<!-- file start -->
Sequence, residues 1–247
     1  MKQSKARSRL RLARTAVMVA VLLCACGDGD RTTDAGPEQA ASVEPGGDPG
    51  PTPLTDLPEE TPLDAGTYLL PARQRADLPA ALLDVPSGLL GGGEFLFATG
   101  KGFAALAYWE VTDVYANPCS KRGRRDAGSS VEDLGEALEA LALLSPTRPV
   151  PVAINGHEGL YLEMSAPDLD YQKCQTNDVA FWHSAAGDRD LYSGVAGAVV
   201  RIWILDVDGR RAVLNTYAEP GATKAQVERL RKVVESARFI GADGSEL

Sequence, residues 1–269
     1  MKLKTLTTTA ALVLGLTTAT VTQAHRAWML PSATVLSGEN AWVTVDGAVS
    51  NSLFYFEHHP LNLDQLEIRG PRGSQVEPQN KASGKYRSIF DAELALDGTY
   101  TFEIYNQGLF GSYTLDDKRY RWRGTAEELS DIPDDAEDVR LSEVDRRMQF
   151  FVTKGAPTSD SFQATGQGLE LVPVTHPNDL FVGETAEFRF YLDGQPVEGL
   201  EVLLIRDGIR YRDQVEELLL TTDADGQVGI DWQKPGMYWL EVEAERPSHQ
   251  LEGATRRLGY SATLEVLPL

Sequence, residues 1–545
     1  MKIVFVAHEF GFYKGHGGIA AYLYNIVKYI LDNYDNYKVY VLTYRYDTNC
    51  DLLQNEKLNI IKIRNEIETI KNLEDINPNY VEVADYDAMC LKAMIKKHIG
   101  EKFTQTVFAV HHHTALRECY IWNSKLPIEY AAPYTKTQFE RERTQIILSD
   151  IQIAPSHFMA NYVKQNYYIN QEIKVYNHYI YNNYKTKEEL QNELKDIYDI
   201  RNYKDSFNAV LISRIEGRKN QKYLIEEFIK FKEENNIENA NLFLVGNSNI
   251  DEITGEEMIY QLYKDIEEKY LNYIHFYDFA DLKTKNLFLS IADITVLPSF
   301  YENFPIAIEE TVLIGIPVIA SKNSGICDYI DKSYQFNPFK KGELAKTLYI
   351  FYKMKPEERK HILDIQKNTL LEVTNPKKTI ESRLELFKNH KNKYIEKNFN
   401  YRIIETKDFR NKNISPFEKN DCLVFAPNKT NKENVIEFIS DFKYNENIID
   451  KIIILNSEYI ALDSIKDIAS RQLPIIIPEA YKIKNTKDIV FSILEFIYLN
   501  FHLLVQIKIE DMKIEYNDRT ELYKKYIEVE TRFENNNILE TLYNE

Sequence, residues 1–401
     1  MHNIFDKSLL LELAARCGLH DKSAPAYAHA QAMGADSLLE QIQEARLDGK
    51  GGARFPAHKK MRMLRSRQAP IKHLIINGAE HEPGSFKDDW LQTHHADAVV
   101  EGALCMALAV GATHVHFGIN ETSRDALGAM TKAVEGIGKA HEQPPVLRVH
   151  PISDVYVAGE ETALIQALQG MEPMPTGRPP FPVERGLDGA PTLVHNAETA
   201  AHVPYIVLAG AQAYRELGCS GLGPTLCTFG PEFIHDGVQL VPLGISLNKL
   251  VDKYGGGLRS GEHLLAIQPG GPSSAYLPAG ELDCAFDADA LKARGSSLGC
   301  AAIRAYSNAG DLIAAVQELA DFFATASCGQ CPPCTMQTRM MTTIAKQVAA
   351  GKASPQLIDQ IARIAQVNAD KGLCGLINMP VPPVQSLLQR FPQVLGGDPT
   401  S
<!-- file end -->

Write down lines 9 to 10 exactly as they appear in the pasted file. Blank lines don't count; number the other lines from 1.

    51  NSLFYFEHHP LNLDQLEIRG PRGSQVEPQN KASGKYRSIF DAELALDGTY
   101  TFEIYNQGLF GSYTLDDKRY RWRGTAEELS DIPDDAEDVR LSEVDRRMQF